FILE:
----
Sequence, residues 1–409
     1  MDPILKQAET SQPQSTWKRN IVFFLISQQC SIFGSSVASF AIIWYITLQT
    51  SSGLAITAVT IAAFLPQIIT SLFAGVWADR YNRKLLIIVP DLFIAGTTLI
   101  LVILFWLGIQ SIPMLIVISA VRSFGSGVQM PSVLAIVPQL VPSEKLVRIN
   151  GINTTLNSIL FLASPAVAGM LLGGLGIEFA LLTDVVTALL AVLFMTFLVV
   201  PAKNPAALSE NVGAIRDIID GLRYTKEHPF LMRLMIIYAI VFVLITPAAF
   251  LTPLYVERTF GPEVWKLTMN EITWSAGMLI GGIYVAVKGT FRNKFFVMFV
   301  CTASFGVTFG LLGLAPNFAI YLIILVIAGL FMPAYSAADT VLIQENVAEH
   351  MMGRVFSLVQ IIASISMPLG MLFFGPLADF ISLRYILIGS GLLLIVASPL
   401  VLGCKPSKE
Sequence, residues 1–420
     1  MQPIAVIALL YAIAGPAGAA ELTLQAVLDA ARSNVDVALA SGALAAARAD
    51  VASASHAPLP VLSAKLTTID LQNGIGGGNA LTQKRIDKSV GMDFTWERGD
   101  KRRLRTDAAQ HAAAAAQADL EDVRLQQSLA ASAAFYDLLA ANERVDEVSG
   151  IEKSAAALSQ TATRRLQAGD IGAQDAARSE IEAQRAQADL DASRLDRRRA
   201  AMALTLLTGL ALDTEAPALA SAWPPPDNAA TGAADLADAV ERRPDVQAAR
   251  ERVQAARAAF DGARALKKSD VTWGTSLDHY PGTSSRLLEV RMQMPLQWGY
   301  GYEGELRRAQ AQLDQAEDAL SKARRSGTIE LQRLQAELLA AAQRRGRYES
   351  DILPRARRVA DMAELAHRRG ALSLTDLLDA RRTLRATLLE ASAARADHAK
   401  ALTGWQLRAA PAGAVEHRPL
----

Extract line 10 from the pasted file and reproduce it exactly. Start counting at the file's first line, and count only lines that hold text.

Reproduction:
   401  VLGCKPSKE